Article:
Exporting and publishing
Photo management is useless if it does not have ways to show your work to others. Export and publishing facilities are therefore crucial to the success of such an application. In this post, I examine how the two applications handle exports and publishing to public services such as picasa, smugmug or flickr, just as well as exports to personal websites or any other tool that I come across to share photos with.
Out of the box, Aperture comes with four buttons which help to share your photos with. Those are: Email, MobileMe, Facebook and Flickr. I don’t have a Facebook account nor a MobileMe account, so I tested the Email and Flickr option. Apart from those options, Aperture also offers the option of creating static websites and dynamic websites straight from one of your projects. I will focus on the exports to Flickr first (there isn’t much to say about emailing photos, except that the receiver needs an exceptionally large inbox) and then discuss the second option.
Exporting to Flickr is activated by selecting a set of photos and pressing the “Flickr” button on the toolbar. You will, of course, be asked to set up your account and authorise the Aperture Uploader to access your photos. The rest is easy. You type in the name of the album and then wait for Aperture to upload your photos to Flickr. If you have a lot of photos, this can take some time, but otherwise, the process is fast. Once you have created one or more Flickr Albums, Aperture shows these in the inspector tab. It is easy to add or remove photos or to actually change the title of the album. Also, you can adjust your photos (in the Flickr album) and you can also change the metadata for these photos. If you do so, Aperture will only change the photo that is uploaded to Flickr and upload the retouched photo again, if necessary. All of this happens in the background, so that you don’t even notice that you are working with a Flickr album.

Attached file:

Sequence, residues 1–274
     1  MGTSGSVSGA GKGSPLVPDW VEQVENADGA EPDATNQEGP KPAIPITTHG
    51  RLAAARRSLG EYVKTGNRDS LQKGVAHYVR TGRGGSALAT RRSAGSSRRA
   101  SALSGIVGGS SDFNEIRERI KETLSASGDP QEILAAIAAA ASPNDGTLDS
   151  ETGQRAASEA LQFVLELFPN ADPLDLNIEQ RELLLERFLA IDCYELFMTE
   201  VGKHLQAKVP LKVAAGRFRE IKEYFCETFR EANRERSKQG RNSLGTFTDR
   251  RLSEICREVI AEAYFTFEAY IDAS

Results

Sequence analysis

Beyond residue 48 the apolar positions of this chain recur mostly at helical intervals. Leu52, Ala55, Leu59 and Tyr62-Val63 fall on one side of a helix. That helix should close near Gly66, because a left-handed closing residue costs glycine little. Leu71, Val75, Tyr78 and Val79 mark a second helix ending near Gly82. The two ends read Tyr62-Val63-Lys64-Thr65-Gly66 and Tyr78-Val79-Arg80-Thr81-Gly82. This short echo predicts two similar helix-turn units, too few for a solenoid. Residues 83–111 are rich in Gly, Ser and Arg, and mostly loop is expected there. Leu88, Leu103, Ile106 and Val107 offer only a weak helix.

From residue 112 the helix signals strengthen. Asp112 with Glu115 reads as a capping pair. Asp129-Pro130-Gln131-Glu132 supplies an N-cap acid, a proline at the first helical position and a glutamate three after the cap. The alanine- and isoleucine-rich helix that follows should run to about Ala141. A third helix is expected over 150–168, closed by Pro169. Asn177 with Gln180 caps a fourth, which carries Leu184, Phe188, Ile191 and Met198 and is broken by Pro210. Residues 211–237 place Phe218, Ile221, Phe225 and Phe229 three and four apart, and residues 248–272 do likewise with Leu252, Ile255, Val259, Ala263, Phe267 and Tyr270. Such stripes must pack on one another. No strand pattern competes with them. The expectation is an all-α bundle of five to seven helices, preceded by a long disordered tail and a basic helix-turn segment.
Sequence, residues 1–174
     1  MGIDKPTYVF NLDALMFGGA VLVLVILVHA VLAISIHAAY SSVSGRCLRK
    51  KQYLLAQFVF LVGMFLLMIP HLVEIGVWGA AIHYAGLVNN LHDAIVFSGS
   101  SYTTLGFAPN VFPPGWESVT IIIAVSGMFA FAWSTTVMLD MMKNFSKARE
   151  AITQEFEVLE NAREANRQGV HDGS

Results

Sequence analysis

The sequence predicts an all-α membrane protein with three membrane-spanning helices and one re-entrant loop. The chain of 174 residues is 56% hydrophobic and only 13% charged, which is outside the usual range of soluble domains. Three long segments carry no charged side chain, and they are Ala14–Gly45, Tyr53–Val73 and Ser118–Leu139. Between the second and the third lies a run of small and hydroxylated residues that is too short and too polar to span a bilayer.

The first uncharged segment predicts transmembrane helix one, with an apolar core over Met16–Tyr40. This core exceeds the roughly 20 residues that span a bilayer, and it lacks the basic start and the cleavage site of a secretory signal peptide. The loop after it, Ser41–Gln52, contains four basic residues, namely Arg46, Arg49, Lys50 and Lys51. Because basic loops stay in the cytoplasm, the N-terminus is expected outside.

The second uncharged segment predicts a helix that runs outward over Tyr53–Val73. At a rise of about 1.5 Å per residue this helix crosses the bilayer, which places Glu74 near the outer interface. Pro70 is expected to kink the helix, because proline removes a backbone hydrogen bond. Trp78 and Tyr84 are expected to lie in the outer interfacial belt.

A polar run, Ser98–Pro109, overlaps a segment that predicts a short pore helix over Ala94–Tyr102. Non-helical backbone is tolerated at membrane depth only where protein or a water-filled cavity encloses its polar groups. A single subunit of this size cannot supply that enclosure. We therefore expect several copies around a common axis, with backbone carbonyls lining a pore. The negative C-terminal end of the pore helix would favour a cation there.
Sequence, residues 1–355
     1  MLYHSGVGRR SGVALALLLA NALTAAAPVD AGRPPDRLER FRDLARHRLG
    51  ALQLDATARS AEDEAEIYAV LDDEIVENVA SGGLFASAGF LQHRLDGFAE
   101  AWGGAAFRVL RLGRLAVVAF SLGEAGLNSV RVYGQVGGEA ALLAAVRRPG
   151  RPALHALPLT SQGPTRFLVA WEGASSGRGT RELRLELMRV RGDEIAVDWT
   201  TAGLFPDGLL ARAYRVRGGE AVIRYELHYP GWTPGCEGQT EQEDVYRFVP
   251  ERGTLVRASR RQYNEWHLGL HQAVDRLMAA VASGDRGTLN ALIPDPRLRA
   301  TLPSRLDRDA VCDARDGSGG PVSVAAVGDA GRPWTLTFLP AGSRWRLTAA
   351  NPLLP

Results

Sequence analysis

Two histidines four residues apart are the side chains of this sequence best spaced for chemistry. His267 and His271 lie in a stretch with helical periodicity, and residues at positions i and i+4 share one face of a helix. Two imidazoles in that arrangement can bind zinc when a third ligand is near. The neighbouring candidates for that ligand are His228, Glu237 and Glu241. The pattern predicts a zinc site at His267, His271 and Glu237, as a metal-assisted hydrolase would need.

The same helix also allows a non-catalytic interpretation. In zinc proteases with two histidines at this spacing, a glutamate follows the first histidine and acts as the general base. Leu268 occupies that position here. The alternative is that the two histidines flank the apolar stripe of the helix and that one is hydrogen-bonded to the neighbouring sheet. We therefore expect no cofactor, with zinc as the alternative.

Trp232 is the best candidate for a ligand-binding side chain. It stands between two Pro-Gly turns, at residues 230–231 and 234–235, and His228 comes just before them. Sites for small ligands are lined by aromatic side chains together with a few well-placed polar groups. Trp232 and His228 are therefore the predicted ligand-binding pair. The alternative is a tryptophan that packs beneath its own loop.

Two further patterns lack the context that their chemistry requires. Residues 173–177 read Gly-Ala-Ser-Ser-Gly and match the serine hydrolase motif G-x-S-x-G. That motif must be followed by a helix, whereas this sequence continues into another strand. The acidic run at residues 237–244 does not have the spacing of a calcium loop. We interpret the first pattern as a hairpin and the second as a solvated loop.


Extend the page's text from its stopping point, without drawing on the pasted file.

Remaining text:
Other options to share your photos to online services exist. These aren’t delivered with Aperture directly, but one can find plugins to get the job done. I have not further investigated these plugins, since that would take a lot of time and a lot of searching for the right plugins. It is unfortunate that Apple did not decide to add more exporting capabilities or add more of the plugins directly in the package. It is even more unfortunate that there is no good way of finding and downloading the right plugin: on Apple’s website you will mostly find the ones that will cost you extra money and the free ones are located on the different sites all over the place.
In case you have your own website, you might want to use website created by Aperture. To create such a website, you right click your project and choose New -> Web Page / Web Journal or Smart Web Site. I have uploaded examples of the Web Page, Web Journal and Smart Web Site. I particularly like the Smart Web Site option. That website keeps updating while you change your project. The other options are nice and I have uploaded one example to my website. In the same right click menu, one can also find the two options Book and Slideshow. The slide show can be configured and used locally only. With the Book option, however, you can create your own photo album which you can send off to print directly or can upload to your website (it grew around 100 MB, so sorry, no link for you).